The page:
India’s Space Policy: The Economic Perspective Of Space Entrepreneurs In New India

“There are some who question the relevance of space activities in a developing nation. To us, there is no ambiguity of purpose. We do not have the fantasy of competing with the economically advanced nations in the exploration of the moon or the planets or manned space flight. But we are convinced that if we are to play a meaningful role nationally, and in the community of nations, we must be second to none in the application of advanced technologies to the real problems of man and society.” – Dr Vikram Sarabhai

India started spending in Space science and technologies in the 1960s, putting in place an administrative structure similar to that for Atomic Energy.[1] The difference is that the Atomic energy programs are regulated by an Act called 1948 Atomic Energy Act (revised in 1962), however, the country’s space activities are yet to be regulated by specific legislation. Traditionally, the Indian Space Research Organisation (ISRO) has observed space technology applications mainly for advancing societal growth and development and not for addressing defence or security issues.

In the past few years, India has seen advancement and progress in space activities and a lot of attention is being provided to the sector as the Ministry of Defence has taken the space activities under its purview for achieving better defence mechanisms. A new range of civilian applications of space technologies, driven by start-ups, have also emerged in areas such as communication, TV and broadband, earth observation and navigation.[2] This brief calls for the formulation of a Space Law to build a transparent and enabling regulatory environment for the country’s expanding activities in the civilian domain.[3]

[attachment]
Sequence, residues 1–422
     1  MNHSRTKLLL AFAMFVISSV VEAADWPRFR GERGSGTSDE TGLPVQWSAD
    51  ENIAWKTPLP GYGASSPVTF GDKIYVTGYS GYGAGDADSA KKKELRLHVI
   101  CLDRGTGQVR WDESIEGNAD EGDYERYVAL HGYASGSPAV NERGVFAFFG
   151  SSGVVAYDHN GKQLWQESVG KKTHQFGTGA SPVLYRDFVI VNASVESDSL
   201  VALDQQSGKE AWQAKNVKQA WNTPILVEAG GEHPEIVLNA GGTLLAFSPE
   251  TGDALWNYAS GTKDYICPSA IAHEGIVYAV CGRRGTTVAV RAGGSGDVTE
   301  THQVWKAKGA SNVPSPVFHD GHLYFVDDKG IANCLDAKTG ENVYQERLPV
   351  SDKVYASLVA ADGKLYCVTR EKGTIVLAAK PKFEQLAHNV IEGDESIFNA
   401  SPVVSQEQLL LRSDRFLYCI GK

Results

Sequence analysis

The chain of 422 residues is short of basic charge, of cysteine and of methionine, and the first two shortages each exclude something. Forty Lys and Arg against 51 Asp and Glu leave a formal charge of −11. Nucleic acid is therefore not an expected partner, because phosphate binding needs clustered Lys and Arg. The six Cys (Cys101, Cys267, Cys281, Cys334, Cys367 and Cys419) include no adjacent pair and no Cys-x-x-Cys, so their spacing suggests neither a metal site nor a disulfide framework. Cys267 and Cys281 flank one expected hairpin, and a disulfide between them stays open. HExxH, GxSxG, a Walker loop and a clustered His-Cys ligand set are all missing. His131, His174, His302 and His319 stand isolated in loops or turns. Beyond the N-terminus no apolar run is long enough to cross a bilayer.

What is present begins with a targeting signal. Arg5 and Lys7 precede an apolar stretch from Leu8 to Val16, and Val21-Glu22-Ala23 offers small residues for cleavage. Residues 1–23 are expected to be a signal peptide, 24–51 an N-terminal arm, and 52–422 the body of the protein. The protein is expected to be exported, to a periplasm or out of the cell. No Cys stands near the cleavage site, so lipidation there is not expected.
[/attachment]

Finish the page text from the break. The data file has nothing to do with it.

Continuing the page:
In 1957, the world’s first satellite ‘Sputnik’ by the Soviet Union was launched. This launch marked the beginnings of the new age. After this huge achievement, India started pondering upon developing the space sector to achieve the new heights of boundaries. Four years later, after the launch, a paper was presented to the government by Dr Vikram Sarabhai, founding Director of Physical Research Laboratory, defining the country’s budding space technologies and the way it could develop India’s space policy.

This led to the formation of the Indian National Committee for Space Research (INCOSPAR) to advise the government on space policy. By the end of 1963, the Thumba Equatorial Rocket Launching Station was set up and a US-supplied Nike Apache rocket was successfully launched into orbit carrying a French payload.[4] Finally, the day had arrived when India’s own Space Organisation i.e. the Indian Space Research Organisation was launched in 1969 under the administrative control of the Department of Space. This establishment led to the INCOSPAR’s incorporation within the space commission.

The framed model is akin to that used in atomic energy, but the differences are that there is an established Act/law for this area of sphere i.e. the Atomic Energy Act which was passed in 1948 and later was amended in 1962 to outline the function of government in the area of nuclear power. But there is no specific law for space activities, as of now. The Government is yet to legislate an act for space activities. ISRO, for that matter, is guided by a set of Mission and Vision statements.[5] that announce the use of space technology and its applications for societal needs and national development[6].